Oh, right, back to the floor. After the insulation, he did the top layer, which in my case is a nice, marine-grade plywood (also good for keeping water out). It’s all nailed together, kind of like a very sturdy wooden sandwich. We’ve just put the floor in over the deck: we’re also going to extend it up and over the fenders of the trailer (it’ll be a little wood box, which on one side of the house will be part of the stairs and on the other side will be….architectural interest) and then over the hitch (to make a little three foot bump-out/library/bay window). That’s part of Thursday’s project. Anyway, it is quite a floor.

DAY TWO

Today I painted it! Once we have walls, I’m going to put in bamboo flooring over the plywood subfloor, so you will never see this paint job, but I did it both to help seal/protect the subfloor and to, yet again, help keep moisture out.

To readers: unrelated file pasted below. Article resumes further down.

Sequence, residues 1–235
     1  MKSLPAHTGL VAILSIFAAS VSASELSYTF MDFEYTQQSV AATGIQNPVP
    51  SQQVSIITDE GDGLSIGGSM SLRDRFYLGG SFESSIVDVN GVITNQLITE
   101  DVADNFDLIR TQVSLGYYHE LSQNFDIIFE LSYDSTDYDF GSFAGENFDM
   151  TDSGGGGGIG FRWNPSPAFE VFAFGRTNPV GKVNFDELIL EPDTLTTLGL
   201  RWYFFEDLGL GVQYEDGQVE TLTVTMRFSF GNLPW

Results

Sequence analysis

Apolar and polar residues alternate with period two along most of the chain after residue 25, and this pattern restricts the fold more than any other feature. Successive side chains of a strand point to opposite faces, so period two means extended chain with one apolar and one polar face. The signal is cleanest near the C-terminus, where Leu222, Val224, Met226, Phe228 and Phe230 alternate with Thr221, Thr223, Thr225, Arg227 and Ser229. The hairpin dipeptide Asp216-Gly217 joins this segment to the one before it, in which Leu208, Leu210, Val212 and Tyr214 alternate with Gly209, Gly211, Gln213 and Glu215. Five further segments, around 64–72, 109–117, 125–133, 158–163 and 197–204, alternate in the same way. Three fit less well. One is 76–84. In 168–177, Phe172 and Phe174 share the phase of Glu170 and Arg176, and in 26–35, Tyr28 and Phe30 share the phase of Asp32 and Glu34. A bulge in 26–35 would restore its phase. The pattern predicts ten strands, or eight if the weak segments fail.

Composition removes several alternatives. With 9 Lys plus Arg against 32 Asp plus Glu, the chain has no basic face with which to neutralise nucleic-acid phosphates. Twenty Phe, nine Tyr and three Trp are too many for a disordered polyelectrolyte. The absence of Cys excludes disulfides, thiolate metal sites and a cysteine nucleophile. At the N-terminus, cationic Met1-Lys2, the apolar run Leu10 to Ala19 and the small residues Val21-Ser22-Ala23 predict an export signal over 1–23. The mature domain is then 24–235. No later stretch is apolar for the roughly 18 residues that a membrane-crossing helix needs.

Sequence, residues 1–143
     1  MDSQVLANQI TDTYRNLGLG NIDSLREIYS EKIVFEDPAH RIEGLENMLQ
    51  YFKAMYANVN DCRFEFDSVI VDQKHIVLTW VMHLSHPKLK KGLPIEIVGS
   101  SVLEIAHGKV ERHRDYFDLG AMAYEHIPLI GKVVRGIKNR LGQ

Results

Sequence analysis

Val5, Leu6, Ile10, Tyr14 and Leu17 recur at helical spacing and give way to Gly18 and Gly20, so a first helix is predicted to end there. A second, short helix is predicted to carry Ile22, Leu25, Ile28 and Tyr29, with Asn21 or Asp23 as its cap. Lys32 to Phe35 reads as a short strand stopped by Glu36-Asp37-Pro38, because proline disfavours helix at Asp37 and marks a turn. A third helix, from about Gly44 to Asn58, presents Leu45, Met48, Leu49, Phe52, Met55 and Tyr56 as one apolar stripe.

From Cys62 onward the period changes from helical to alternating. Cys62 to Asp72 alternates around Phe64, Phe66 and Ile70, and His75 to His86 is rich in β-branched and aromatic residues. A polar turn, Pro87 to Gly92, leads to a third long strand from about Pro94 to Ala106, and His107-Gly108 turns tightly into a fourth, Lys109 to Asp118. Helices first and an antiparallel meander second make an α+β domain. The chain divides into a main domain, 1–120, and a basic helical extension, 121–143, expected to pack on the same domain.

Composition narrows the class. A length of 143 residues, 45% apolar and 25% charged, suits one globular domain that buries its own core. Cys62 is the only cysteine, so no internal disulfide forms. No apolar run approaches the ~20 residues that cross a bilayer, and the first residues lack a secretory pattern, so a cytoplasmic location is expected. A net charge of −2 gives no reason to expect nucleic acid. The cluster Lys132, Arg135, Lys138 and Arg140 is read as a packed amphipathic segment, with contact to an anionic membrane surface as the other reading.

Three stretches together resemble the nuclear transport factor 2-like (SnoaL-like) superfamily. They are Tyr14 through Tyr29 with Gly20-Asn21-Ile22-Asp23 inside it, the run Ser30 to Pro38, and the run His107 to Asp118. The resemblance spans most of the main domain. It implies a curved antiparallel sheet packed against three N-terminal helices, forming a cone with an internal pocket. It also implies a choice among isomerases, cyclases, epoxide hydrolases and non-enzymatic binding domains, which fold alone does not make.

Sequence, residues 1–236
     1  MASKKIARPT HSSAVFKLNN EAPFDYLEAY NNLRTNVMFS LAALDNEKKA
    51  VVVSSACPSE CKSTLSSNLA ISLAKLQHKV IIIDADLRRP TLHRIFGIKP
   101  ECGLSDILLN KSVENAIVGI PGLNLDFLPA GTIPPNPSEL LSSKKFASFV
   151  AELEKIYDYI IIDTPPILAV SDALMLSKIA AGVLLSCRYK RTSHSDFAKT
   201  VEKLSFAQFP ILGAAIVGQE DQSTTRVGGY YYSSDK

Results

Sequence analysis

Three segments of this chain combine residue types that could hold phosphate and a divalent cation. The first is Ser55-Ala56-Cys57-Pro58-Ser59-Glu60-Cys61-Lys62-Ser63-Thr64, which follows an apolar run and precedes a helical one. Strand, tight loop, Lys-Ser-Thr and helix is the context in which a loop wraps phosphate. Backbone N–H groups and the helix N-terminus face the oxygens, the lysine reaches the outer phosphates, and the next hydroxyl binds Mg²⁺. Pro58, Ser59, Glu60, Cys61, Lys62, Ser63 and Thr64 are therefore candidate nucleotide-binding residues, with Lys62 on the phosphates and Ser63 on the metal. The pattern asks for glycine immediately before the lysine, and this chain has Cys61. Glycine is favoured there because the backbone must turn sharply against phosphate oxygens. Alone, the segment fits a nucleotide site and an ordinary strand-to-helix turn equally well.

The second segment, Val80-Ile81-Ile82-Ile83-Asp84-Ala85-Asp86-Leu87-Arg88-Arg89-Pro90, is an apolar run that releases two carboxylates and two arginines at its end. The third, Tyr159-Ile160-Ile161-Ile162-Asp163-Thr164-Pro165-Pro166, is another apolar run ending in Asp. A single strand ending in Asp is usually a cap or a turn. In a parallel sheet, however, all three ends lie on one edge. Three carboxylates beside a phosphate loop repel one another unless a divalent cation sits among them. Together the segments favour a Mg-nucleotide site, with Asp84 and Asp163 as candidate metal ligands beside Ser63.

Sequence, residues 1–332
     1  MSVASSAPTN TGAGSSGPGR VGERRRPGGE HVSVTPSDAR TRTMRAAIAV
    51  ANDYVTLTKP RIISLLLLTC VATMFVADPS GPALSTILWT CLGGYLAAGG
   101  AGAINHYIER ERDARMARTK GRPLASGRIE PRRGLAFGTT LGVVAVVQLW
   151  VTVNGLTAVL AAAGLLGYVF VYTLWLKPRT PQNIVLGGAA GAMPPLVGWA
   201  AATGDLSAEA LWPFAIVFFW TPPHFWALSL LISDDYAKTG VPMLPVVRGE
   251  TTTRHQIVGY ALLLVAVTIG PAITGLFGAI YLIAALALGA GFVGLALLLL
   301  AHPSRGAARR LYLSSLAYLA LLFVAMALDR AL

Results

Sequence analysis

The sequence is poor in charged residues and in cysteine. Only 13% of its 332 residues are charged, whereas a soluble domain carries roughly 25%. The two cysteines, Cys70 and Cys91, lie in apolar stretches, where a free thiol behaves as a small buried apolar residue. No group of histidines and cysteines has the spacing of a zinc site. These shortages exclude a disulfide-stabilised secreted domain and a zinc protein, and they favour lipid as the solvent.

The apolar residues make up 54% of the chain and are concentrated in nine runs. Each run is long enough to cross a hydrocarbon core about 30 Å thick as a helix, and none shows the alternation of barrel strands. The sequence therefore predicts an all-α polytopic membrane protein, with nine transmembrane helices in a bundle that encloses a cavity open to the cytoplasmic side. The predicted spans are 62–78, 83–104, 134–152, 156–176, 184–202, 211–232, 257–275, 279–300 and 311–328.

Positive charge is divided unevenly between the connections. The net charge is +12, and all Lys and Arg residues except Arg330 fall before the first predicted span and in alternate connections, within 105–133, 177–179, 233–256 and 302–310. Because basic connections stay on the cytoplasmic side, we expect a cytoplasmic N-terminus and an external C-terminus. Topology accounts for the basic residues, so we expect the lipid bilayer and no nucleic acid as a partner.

Please be in awe of my fancy painting table
DSC09968I decided to live large and buy myself an extendable handle that screwed onto my paint roller. Dear friends: if you ever have to paint a floor, do yourself a favor and acquire one of these. It ruled.
DSC09970Paintin’ a floor
DSC09971Mistakes were made. I did not think to bring a) an edger or b) painter’s tape, because I was under the mistaken impression that the floor would be up and over the fenders already and I wouldn’t have any detail work to do. Which meant when I got to my beautiful diamond-plate fenders, this happened:

DSC09973

Diamond-plate metal fenders are not something I ever thought I would have an opinion about, but when I saw paint going on MY fenders of MY trailer, even though I knew that they were going to be covered eventually, well, I just could not have that. Had I brought a rag or a drop cloth? I HAD NOT. Luckily, I had a little piece of fleece from making dog tugs in my car, and I roped it into service, first as a rag and then as a fender cover.

Learning curve!
DSC09975

Much better
DSC09976

About that point, my mom came over to help, and boy, my mom does not mess around when it comes to painting. I had only painted about a third of the floor when she got there, but after she showed up, we had that baby knocked out in about 45 minutes.

Do not mess with my mom, or she will paint you.
DSC09979

BOOM. Done!